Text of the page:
Recurring Income
4 min read

How Can You Retain Your Service Contracts?

Why is contract retention so important?

It is far more expensive to acquire new customers than it is to keep and develop existing customers. Businesses should do everything they can to recognise the signs of an “at risk” customer to win back their loyalty and increase the lifetime value of their future business.

The value of the contract base is significant as it:

  • Increases company value
  • Provides a recurring income stream.
  • Delivers higher margins
  • Provides follow-up sales in call-outs, extra works, and upgrades.
  • Gives the opportunity for repeat customer contact
  • Reduces the threat of competition.
  • Generates a positive cash flow.

With the softening of growth in the economy, customers are looking harder at their costs and how to reduce them. This can lead them to seek alternative quotes for service contracts at renewal time.

1. Measure and analyse contract attrition rate levels.

Measure contract attrition levels so that you know the annualised attrition rate on a monthly basis. Structural attrition runs at around 5% i.e. lost contracts due to customers moving, business liquidations, etc. If attrition is greater than 5%, this indicates that contracts are being lost because the customer has chosen to engage a competitor due to perceived poor service or because they do not perceive that the service you offer gives them value for money.

Track the reason why the cancellation has occurred e.g. poor service, price (value for money), liquidation, move of home or business, etc. When it is not about relocation or liquidations, take action to address the customer’s concern.

2. Deliver a positive experience throughout the customer journey

Much business advice is focused on sales and marketing and on attracting new customers. Yet retention of customers and service contracts is of paramount importance – and this can fall between the cracks of a dual focus on technical matters and on winning sales to new customers.

I like the “ ICARE “model described in Ken Blanchard’s book “Legendary Service”:

“I” stands for ideal service. Begin by asking yourself how you can ideally meet your customers’ needs.

“C” stands for customer service culture. Work to develop an environment focused on delivering what your customer needs.

“A” stands for attentiveness. Be attentive to what your customers are saying and what they want.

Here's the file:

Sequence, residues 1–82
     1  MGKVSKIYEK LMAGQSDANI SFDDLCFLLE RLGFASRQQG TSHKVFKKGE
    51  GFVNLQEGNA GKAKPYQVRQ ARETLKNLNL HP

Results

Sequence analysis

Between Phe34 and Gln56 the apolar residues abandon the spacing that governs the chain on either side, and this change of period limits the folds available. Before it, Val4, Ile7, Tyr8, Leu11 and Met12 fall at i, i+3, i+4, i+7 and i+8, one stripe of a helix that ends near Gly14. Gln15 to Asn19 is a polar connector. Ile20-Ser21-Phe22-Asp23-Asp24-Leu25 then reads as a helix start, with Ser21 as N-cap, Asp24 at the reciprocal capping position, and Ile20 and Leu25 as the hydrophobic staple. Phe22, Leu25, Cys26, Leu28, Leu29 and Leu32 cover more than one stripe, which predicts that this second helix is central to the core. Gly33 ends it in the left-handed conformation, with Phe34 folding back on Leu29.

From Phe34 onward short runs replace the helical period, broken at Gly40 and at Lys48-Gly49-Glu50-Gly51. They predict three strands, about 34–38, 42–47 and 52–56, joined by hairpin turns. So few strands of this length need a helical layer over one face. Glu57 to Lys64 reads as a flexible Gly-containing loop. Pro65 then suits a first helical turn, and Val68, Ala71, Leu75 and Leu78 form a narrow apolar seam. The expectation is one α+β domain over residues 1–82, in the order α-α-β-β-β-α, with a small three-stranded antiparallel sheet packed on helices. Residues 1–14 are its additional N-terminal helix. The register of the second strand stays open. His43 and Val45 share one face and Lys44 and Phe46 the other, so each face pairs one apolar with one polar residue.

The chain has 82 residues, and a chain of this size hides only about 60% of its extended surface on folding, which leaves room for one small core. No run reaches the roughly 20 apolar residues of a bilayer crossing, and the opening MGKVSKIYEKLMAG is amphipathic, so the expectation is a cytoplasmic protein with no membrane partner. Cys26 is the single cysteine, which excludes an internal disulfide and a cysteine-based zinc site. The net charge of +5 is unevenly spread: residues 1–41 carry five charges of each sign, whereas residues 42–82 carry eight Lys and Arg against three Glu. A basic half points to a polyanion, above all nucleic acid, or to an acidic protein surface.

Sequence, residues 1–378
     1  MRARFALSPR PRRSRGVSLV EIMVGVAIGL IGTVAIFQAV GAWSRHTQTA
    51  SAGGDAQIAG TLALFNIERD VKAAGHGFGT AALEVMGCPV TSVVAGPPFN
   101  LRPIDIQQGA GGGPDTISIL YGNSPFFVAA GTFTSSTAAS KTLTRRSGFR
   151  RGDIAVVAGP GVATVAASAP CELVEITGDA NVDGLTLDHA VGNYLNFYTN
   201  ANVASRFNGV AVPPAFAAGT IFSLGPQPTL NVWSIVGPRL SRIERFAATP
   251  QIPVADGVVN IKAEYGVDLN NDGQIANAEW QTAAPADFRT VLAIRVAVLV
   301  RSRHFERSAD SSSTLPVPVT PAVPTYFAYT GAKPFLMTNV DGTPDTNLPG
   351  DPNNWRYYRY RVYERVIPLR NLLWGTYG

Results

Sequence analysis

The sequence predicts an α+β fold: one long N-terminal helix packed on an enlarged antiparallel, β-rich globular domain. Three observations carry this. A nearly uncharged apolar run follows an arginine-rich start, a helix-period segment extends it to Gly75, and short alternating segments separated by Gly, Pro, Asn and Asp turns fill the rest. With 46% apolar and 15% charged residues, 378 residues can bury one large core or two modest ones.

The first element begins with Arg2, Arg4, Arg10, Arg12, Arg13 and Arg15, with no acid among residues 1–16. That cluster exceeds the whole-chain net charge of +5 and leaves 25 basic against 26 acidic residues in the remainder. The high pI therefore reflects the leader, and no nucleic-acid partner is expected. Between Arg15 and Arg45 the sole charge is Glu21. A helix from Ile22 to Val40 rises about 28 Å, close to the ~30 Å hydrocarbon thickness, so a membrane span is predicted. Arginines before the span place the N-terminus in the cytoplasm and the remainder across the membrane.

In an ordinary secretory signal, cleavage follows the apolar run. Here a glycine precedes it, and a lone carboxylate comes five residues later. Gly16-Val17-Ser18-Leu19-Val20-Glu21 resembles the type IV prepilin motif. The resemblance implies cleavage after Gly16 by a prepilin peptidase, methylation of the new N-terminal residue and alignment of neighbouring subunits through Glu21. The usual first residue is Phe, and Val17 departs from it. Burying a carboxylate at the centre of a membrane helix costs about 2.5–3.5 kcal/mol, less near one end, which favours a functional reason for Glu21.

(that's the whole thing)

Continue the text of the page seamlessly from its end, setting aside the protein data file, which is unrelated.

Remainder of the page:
“R” stands for responsiveness. Show your customers how much you care by the speed and effectiveness of your response.

“E” stand for empowerment. Empower your employees to deliver great customer service. 

3. Develop and deploy multiple retention strategies:

a. Have regular service level agreement reviews with key customers and make customer care calls

Segment your customers to identify those that represent 80% of your total contract value. Have regular face-to-face SLA meetings with your highest-value customers. Make a planned call to customers whose annual contract is in excess of £1000 three months before the contract expires. Confirm during this call that the customer is satisfied with the service you provide and that there are no service delivery issues. If there are issues, resolve them speedily. Confirm their intention to renew the contract in advance of the renewal notice being sent. If they are satisfied, use the call to cross-sell other services on disciplines you are not currently servicing.

b. Review your written renewal communications

This can often just be an invoice with the price for the coming year. Why not also include a reminder of the benefits of the service contract you offer and a reference to the full range of product disciplines you can service?

c. Respond effectively to a cancellation request

When customers request to cancel their contracts, ask them for their reasons and offer them an alternative that counteracts their perceptions. Make sure your staff is well-trained in offering alternatives and have access to all relevant customer data.

d. Market to new occupiers

Develop a clear sales process for communicating with the new occupiers of a private residence or commercial building. This may involve a telephone call, direct mail, email or a combination of all three.

e. Develop win-back strategies

Contact your lost customers and make them an offer to win them back. This can be done by email, or letter, ideally followed by a telephone call. The customer may have initially left you to take up a lower-priced offer from a competitor - but their service experience with the new supplier might be negative and they may be having buyer’s remorse.

Retention of customers and service contracts is vitally important. It makes sense to measure and analyse the attrition rate, deliver a positive experience throughout the customer journey and develop and deploy multiple retention strategies.

Rathbone Results are a team of professional business advisors, who specialise in helping business owners and managers improve the performance of their business. 

Jim Rathbone

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